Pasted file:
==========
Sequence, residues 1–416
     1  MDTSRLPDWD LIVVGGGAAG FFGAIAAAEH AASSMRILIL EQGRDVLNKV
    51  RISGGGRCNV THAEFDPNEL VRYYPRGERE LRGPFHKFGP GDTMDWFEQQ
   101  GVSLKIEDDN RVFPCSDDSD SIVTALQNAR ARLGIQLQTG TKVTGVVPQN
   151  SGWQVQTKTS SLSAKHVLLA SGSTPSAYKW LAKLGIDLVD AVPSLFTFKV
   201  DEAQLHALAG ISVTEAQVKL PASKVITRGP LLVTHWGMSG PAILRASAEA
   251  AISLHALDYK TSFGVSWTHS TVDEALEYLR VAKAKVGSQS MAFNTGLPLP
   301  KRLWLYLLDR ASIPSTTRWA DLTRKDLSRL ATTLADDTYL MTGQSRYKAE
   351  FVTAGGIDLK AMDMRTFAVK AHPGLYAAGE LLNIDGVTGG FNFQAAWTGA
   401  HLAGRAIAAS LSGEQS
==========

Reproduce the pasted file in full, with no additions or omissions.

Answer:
Sequence, residues 1–416
     1  MDTSRLPDWD LIVVGGGAAG FFGAIAAAEH AASSMRILIL EQGRDVLNKV
    51  RISGGGRCNV THAEFDPNEL VRYYPRGERE LRGPFHKFGP GDTMDWFEQQ
   101  GVSLKIEDDN RVFPCSDDSD SIVTALQNAR ARLGIQLQTG TKVTGVVPQN
   151  SGWQVQTKTS SLSAKHVLLA SGSTPSAYKW LAKLGIDLVD AVPSLFTFKV
   201  DEAQLHALAG ISVTEAQVKL PASKVITRGP LLVTHWGMSG PAILRASAEA
   251  AISLHALDYK TSFGVSWTHS TVDEALEYLR VAKAKVGSQS MAFNTGLPLP
   301  KRLWLYLLDR ASIPSTTRWA DLTRKDLSRL ATTLADDTYL MTGQSRYKAE
   351  FVTAGGIDLK AMDMRTFAVK AHPGLYAAGE LLNIDGVTGG FNFQAAWTGA
   401  HLAGRAIAAS LSGEQS